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Executive Class

In my job as a management consultant, the primary function is to interact with people – clients, product vendors, government officials, bankers, and of course other consultants. Most of these are executives and over a period of time, I have started developing certain classifications for them. I know this sounds a little profane because people are not commodities; and personally I am a follower of Gandhi in terms of treating people.
Most of Gandhiji's ideas can be ascribed to some inner quality of his mental eyesight that kept him from seeing people as a mass. He never saw or judged Indians or Frenchmen or Christians or Muslims in millions. He considered each human being too holy, too important to be the mere instrument of a remote impersonal terrestrial power called state.
So before I start the main agenda of this post, let me clarify that this is not an attempt to define people as a collection. It’s a more mundane exercise to define certain common characteristics I have seen in people whom I meet in official capacity. More so, I am not going to generalize any association – so I will try my best not to tie any characteristic to say a Govt. Official or a Corporate Executive.

Executives can be clubbed into 2 broad groups (as a friend of mine put it) – those who manage the job that they do and those who manage the people who do the job. Some people (such as Team Leaders in IT companies) have a mix of the above two roles and more so are often aspirants to move from the former to the latter club.

Some senior executives who are in the role of being people managers are mentally tuned to behave as job managers. Such people often appear as bad people managers because they like to put a process to everything which is many times confused with ‘disrespect to individual’ or ‘stifling creativity’. Such people often may keep other job managers happy because of their understanding of processes, but will disgruntle a softer workforce which prefers a more human approach to work.

Contrasting the first kind are executives who are intrinsically people managers – these executives understand aspects such as what motivates people, how to manage different personalities etc. But one again finds two sub types of executives among these – one who only understands people, another who also understands the work that his people do.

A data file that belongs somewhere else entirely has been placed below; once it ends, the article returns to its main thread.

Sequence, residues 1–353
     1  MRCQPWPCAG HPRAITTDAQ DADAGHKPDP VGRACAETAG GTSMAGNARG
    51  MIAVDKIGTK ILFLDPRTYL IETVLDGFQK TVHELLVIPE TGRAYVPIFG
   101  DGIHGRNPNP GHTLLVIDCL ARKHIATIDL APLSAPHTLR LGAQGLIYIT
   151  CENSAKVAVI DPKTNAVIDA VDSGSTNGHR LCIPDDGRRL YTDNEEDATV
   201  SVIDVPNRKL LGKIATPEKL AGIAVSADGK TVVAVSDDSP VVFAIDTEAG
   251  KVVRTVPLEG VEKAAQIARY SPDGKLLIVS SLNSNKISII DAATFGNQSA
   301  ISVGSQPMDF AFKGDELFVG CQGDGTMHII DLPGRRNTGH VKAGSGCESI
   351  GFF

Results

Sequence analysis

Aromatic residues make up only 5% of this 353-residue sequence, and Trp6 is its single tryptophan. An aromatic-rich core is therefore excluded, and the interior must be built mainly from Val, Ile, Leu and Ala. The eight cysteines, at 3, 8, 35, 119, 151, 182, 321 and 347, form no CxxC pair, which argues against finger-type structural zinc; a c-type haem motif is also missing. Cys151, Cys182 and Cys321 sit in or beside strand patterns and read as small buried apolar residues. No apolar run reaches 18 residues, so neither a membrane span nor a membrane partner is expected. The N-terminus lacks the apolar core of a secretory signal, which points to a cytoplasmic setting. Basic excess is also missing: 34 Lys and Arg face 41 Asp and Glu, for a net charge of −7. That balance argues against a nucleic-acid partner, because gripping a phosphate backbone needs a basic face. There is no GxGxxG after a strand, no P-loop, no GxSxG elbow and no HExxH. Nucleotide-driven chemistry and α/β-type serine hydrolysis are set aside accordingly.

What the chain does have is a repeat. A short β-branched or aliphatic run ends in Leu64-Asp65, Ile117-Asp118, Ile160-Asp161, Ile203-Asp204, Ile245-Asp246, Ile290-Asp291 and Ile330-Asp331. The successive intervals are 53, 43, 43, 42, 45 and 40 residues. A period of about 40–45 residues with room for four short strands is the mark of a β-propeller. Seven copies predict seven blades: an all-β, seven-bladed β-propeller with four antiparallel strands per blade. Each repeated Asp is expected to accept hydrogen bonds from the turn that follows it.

Out of the 3 types – intrinsically job manager, intrinsically people manager who knows people, and intrinsically people manager who knows the job – the third category of people is usually the most liked by most subordinates.

A fourth kind of senior executive is the one who lacks both people and job management skills – often such people will have an impressive appearance and personality which is often the reason why in spite of poor talent, they move up the ladder (as put by Malcom Gladwell) . Such executives will often be glib talkers but will keep quite when a technical discussion is going on – sometimes by starting a parallel chat or else diving deep into their laptops / blackberry’s.

A fifth kind of executive is the smart, intelligent and often with impressive personality who know their subject matter. Most times these people are also aware of their ability to impress people with not just their appearance but also their knowledge and command over subjects. They talk the right stuff when they are expected to and hence are often trouble shooters for their organizations. One potential problem though with them may be that they may be bad people managers – sometimes also because their knowledge of their power to impress people makes them arrogant.

The sixth kind of executive is the concept guy – someone who plan ahead of the times, thinks a lot and is capable of building a model of thoughts. However, within this type you will again have two subtypes – the visionary and the Gyan Master :-). The visionary is not only capable of conceptualizing the high level concept, but drill down to process details – such a person is an architect for new horizons.

On the exact other side of the spectrum is the Gyan Master who mostly creates bubbles of hot air and has little ability to conceptualize details. Such a person usually cannot deliver solutions but his talk can be helpful to provide a feel-good factor. Such people are used when an organization is aware of a impending unmanageable situation is going to crop up and wants to instill some confidence in its people by glib talk. In such situations, usually a good job manager executive would be able to reduce the damage, but the Gyan master is also important to provide immediate relief as an emotional cooler.

You would realize that the above quoted characteristics are not mutually exclusive – they are often intermixed and also situational. For example a visionary can become a gyan master if the subject at hand is not his core area of work. Similarly, the good people manager may turn hostile if under pressure and so on.

Comments are welcome!


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